Last year at St-Lazare sand pits was quite spectacular. The site year list was 183 species, I saw 180 of them. I also added eight to my personal patch list with some of them being long predicted additions to the overall site list, it was a very good year. Now I have to wonder what else have I got to go at?
The ‘missed’ birds last year were Great Grey Owl, Wilson’s Phalarope and Northern Mockingbird. For the mockers, the date suggests that there might be a pair in the area, a theory backed up by the fact that I saw one a few years ago a couple of kilometers away in downtown St-Lazare. Without competing mockingbirds to get them going, lone pairs tend to be quieter, more secretive and less prone to sitting on top of bushes having a good sing. My best bet for finding one would seem to be at the north end of the football pitches, you can be sure I’ll be giving it a good go.
Sora is something that I’d expected to have found by now and I think I can have continued optimism that a migrant will find the wet areas favourable. Fortunately they can be quite noisy, in fact, given the constant site noise from all around, the noisier the better.
Sparrow options are limited, in fact I don’t really expect any of the sparrows that are currently on the St-Lazare site list to appear. If one did then perhaps Nelson’s is the most likely. After that, LeConte’s and then Grasshopper. If you count Dickcissel as a sparrow, even though it is a larky-buntingy type thing, then then there is some likelihood that one might find the seed carpet one day.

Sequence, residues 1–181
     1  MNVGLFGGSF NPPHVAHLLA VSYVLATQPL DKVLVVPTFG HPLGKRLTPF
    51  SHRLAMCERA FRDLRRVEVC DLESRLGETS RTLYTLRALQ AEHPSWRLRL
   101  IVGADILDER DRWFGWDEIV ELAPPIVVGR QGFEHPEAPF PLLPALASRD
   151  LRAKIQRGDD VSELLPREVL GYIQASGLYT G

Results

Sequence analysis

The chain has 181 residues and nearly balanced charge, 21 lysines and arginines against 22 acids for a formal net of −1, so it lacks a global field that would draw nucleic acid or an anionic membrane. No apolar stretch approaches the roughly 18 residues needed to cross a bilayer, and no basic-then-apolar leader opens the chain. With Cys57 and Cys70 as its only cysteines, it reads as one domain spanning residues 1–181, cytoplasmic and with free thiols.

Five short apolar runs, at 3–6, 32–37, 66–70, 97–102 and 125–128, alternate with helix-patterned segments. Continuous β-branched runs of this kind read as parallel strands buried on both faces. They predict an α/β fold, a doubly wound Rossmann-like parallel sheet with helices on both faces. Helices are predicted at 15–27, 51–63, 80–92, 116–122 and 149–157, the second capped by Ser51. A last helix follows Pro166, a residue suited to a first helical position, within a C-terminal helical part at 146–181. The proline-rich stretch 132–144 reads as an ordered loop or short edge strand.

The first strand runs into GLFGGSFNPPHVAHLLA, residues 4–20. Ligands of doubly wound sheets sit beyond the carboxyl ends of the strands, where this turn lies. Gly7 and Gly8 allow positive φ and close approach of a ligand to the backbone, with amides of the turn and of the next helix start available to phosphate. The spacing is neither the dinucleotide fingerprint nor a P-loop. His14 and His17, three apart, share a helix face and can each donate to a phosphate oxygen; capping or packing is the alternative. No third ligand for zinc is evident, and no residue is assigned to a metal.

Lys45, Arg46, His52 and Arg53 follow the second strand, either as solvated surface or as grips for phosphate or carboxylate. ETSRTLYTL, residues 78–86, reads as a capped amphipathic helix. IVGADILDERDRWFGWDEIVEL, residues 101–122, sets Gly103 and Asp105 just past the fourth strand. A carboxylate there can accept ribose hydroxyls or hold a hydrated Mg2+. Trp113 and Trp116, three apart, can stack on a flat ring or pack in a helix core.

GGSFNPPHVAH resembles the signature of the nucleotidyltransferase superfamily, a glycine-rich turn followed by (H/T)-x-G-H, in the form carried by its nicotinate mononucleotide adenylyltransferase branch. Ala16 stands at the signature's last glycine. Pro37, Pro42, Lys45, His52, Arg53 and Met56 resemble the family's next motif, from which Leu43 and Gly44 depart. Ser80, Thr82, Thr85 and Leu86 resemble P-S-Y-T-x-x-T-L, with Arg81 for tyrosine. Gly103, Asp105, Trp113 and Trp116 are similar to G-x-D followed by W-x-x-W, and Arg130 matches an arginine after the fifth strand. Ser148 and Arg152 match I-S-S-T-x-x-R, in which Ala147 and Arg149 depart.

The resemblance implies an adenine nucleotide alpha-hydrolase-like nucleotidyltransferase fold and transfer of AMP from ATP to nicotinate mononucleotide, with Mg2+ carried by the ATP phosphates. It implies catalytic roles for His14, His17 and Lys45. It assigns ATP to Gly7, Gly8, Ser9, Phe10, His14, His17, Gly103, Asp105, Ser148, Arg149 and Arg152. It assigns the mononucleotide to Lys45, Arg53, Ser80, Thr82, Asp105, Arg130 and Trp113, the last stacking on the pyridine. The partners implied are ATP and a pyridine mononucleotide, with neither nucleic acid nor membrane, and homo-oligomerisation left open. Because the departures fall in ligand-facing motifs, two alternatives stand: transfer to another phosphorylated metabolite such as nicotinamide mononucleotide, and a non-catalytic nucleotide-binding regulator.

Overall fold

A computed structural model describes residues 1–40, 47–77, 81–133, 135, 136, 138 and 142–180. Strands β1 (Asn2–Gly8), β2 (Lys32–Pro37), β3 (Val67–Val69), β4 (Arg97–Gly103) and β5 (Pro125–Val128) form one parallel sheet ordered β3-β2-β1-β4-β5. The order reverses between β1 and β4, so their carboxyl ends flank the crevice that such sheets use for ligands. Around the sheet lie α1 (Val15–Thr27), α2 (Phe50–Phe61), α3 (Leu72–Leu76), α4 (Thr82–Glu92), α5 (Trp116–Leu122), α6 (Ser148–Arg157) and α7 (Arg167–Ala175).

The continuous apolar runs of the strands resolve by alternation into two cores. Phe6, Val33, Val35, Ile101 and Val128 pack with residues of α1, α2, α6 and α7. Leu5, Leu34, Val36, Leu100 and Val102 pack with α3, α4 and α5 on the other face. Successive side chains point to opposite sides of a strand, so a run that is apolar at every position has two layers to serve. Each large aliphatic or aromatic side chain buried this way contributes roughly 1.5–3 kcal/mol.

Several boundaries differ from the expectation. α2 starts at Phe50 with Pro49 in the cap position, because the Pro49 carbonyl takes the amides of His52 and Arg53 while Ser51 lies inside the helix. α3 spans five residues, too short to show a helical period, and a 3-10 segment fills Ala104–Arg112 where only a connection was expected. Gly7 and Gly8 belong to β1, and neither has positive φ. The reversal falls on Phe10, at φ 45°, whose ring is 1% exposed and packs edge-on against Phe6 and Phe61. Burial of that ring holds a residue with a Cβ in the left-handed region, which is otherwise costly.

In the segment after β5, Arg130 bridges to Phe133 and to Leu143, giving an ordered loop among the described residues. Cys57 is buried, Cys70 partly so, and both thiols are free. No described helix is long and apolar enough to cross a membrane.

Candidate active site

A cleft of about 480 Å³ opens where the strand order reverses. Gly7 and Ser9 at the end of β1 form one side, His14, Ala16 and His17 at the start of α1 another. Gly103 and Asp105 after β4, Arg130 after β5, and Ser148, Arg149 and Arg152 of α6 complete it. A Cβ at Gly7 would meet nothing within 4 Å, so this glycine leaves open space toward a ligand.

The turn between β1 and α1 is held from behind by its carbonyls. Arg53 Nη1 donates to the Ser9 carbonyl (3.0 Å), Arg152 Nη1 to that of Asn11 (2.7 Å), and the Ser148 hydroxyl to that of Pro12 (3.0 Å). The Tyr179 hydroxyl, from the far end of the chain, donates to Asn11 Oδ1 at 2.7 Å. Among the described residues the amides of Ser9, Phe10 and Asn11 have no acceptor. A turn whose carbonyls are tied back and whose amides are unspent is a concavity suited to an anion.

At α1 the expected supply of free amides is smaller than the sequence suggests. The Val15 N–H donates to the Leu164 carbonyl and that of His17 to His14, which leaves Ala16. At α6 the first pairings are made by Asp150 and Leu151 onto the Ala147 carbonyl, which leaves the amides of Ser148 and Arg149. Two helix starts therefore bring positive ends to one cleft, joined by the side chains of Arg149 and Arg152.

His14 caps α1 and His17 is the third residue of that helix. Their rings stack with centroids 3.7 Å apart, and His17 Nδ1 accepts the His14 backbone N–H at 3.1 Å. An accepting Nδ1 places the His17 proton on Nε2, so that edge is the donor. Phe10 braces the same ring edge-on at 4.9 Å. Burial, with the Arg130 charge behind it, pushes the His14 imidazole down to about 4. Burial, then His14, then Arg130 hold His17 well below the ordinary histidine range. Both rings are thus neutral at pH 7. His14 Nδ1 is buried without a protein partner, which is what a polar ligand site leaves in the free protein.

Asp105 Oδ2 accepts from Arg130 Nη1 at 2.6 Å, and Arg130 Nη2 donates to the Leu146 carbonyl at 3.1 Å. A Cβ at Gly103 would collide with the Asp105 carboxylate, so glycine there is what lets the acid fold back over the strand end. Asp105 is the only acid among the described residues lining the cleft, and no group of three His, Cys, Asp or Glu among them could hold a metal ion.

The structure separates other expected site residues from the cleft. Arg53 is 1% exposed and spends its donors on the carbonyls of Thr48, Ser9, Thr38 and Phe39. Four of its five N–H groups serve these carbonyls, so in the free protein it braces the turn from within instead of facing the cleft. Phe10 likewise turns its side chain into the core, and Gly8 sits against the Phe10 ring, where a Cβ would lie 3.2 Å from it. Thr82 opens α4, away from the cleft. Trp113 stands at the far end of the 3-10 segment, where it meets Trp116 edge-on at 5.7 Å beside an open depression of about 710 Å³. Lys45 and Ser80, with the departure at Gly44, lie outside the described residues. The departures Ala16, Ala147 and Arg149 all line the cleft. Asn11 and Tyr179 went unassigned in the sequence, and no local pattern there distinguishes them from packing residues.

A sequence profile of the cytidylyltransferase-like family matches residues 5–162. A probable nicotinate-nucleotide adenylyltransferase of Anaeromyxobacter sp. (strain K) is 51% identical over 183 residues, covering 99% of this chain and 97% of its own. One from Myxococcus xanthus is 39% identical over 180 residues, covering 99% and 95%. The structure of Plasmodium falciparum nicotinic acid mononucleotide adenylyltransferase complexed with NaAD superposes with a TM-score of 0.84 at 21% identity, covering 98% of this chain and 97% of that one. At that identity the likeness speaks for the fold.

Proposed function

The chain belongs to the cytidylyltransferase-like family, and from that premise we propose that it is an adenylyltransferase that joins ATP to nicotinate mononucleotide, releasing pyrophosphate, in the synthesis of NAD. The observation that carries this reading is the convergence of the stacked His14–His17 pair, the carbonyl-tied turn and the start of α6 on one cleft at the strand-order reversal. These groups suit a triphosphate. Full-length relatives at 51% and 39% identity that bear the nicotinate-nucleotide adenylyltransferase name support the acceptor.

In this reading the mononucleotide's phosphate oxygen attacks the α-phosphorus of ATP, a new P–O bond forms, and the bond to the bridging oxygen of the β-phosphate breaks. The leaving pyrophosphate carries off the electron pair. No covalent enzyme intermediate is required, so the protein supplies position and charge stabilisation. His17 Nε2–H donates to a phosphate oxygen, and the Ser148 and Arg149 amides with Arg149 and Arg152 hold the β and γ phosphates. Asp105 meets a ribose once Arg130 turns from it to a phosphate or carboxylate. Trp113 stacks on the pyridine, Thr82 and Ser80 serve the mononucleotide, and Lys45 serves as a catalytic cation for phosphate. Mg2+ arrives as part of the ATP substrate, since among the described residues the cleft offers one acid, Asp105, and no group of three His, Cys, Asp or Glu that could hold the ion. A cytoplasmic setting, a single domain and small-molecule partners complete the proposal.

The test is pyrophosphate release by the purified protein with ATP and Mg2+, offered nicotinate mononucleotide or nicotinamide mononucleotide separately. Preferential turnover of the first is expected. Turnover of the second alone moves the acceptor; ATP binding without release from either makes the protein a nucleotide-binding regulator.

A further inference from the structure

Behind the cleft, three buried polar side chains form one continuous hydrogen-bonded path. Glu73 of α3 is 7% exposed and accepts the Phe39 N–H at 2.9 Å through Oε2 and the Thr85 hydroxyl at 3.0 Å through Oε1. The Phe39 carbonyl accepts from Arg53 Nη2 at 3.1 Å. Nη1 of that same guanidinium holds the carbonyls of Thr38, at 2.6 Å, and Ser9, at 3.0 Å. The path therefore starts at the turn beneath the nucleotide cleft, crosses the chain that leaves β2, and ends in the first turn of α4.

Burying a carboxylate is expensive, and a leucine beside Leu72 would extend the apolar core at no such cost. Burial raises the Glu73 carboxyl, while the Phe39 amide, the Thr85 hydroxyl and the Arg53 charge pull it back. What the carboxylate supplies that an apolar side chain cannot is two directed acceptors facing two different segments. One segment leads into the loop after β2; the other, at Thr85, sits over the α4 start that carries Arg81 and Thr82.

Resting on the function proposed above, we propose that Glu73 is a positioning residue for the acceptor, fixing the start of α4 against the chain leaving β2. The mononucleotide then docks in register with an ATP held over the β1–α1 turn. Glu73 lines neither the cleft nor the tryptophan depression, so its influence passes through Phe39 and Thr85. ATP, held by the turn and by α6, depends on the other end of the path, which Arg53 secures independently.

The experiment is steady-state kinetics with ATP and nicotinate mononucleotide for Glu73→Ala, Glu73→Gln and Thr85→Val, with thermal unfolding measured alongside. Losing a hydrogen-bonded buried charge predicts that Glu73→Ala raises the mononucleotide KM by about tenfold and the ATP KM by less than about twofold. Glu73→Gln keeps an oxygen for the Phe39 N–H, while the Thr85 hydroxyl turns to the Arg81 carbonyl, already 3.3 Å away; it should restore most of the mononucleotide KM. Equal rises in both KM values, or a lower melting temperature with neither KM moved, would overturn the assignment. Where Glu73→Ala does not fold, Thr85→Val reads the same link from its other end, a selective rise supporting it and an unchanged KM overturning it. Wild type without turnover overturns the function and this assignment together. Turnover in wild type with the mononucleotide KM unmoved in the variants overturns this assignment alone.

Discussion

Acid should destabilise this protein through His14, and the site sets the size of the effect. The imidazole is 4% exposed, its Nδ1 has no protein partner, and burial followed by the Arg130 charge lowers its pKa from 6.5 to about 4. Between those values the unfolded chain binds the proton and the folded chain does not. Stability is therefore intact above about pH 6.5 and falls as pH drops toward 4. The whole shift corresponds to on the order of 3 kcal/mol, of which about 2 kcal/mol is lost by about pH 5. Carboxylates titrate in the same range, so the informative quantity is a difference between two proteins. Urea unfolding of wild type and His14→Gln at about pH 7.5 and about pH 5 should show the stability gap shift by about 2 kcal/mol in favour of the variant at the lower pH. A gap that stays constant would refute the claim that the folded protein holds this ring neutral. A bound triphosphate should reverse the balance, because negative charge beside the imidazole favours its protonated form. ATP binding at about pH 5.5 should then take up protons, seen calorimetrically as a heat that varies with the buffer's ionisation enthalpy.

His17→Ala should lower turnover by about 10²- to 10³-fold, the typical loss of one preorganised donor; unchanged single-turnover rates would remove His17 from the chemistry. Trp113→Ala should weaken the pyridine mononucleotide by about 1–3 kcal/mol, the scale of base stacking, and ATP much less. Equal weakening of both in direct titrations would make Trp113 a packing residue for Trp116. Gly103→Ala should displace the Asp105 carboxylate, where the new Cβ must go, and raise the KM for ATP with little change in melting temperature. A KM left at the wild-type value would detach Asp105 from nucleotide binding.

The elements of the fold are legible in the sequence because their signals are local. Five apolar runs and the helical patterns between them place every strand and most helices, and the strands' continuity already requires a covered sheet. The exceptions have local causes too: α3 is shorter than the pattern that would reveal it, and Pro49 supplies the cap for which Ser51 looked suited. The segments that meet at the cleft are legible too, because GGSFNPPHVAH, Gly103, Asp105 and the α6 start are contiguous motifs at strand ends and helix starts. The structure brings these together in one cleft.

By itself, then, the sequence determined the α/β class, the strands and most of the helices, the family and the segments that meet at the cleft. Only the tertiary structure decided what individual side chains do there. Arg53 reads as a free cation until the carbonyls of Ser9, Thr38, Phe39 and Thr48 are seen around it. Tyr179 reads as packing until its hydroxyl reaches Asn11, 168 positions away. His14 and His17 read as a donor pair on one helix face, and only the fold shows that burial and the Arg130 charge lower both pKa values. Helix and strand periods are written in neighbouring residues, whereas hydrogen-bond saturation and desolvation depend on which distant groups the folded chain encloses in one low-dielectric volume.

Hawks, vultures and falcons are well represented, especially after last year’s Swainson’s Hawk. Gyr Falcon is possible but it would take all of the planets to align to get the one that flew over. Black Vulture is a different proposition as they are moving north slowly and one passing through on one of the regular hawk watches could happen.
Ducks offer some hope, especially what I regard as sea ducks. White-winged and Black Scoter are frequent on passage within viewing distance were it not for al those pesky trees. As the scoter flies they can be as near as 5km, I’ve had surf before so the other two must be options. Harlequin and Barrow’s Goldeneye are outside the box really. Both like moving water, I don’t have any. I’ll also throw Horned Grebe in here as a possibility but without too much enthusiasm.
Herons offer a lot of possibilities because there is everything they need at the pits, they just have to find the place. If the site was in Florida or Texas then Snowy Egret, Tricoloured, Little Blue Heron and Yellow-crowned Night Heron would by regular visitors. These are all scarce to rare in Quebec but Least Bittern isn’t and one just might take up a territory or get itself flushed if the wetland vegetation develops as it could.
I don’t think that there are any real woodpecker options. The two that are absent are American Three-toed and Red-headed Woodpecker. Both are keen on burn sites but it hardly seems ethical to torch the pinade just to attract them. Three-toed does wander into broad-leaved on passage so perhaps there is some hope there.